Hannah Chappell Rees

The Apron
Hanna Chappell Rees–born 31 July, l862
by Mae R. Winters

One of the fondest memories that I have of my mother is her apron. She always wore one. It as a large straight affair gathered at the waist, with strings that fastened in the back and tied in a bow. The apron was very full. I am sure it has in it several yards of material, gingham or calico for everyday, and fine white lawn or linen, with handmade lace on the bottom, for best. I distinctly remember a very special one, with knitted lace insertion an inch or so wide, with the same matching lace on the bottom. There was always at least one pocket, but usually two large ones.

The white apron was for very special occasions: Relief Society homemaking activities, special quiltings, and parties for the sisters. Sunday afternoon it enhanced Mother’s best black dress.

The everyday one, slow to show dirt, was edged all around with bias tape of contrasting color. I was most impressed with this apron. Its uses were limitless. It made a basket for eggs gathered from the chicken coop, or from a nest found in the tall weeds or grass. Many times Mother would bring in a brood of fluffy yellow chickens in the apron, the bottom edge being brought up to form a temporary nest. The mother hen, squawking and stirring a fuss, would follow behind. Mother transferred the chickens from a stolen nest to the protection of the stable. The same apron was used, by giving it a swish, to frighten chickens from the flower bed or back porch.

To dry a tear from a child’s face, wipe away the dirt, and comfort the children, the apron seemed to be made for this purpose. For a game of hide-and-seek there was never a better lace to hide than under the apron, for, with our heads under, and our feet sticking out, we were completely hidden. Kindling and firewood, vegetables and fruit found their way into the kitchen by way of the apron route. When company came unexpectedly, the apron was hastily used as a duster on the dining table or buffet.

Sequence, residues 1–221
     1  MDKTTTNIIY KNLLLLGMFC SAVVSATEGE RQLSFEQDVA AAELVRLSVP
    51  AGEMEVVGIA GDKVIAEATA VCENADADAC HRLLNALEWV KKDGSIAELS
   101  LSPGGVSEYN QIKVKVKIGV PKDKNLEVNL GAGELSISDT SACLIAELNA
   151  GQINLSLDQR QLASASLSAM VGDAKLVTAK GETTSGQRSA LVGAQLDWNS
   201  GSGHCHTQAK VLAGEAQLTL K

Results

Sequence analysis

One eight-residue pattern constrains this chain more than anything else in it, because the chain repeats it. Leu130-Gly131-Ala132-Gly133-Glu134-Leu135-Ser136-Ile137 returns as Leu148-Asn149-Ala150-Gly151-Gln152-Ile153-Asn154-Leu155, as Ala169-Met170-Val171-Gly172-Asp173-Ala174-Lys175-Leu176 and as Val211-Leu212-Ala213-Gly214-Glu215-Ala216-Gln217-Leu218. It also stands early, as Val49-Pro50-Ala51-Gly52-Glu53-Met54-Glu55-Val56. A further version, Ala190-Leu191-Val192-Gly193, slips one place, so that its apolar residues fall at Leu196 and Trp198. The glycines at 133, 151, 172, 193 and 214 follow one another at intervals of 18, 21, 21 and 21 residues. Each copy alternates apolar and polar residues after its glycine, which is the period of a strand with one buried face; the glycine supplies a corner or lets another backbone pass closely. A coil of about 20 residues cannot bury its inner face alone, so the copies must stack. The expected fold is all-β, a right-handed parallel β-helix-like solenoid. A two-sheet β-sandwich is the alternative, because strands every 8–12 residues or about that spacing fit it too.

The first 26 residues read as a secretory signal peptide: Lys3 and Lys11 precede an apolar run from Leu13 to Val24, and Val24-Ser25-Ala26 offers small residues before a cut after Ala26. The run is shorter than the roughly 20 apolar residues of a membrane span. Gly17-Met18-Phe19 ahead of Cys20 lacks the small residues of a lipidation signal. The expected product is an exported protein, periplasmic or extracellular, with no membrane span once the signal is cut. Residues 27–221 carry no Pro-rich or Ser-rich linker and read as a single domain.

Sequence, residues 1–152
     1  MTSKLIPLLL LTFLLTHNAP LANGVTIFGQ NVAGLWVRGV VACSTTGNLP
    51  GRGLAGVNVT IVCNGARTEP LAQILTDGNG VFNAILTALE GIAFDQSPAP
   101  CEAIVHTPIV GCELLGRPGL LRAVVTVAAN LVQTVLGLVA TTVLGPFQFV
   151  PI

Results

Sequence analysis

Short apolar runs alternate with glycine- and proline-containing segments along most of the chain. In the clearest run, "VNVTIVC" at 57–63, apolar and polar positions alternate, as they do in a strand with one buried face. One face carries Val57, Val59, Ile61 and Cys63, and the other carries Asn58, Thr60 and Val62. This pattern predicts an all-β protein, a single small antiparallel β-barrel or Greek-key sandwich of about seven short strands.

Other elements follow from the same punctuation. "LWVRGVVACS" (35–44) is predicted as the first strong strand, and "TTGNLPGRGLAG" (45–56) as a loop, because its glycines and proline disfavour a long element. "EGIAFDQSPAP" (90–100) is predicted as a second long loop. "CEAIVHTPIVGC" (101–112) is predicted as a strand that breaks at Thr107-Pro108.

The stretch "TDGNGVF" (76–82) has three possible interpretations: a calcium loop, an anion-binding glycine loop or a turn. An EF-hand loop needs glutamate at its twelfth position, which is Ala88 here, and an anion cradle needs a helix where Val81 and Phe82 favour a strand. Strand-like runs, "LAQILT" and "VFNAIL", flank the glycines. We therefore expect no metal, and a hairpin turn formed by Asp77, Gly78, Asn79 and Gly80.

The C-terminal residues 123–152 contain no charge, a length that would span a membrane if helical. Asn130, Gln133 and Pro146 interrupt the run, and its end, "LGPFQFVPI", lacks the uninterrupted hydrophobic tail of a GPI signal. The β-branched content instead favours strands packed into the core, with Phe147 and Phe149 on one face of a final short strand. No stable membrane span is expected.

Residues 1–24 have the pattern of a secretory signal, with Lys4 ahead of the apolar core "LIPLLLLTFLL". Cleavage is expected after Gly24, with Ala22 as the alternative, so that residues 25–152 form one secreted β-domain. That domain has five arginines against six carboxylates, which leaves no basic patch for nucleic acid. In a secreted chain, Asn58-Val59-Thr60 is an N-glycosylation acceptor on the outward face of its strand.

Using it for a pot holder to remove hot pans from the stove, the apron was ideal to lift the stove lid off with the aid of the stove lifter, which saved many burned fingers. A slip of the apron would also scatter the flies, as they hovered about the screen at the kitchen door on a fall afternoon. It also served to wipe a perspiring brow after standing at the hot stove all day canning fruit.

Almost everything could be found in the apron packets: a stool of thread, lost buttons, peppermint candy, cookies, handkerchiefs, bits of paper, a pencil, a piece of string, safety pins, and a coin or two.

For me, there is a never-to-be-forgotten memory of the little ones curled up on Mother’s lap as she rocked them and pulled a corner of the big apron over their feet and legs, not alone for warmth, but as a sort of drawing them closer into her wonderful ways.

She was a pioneer mother, with love to go around and around, and her wonderful apron was just one way of showing it.

Tucked away in my chest of memories is one of her ever-useful aprons. In these days of sometimes forgotten aprons, it suggests to me that perhaps my own children and grandchildren have missed some very valuable lessons of life for the lack of a big apron. A very special accessory!

(From Ray Walker’s Book of Remembrance)

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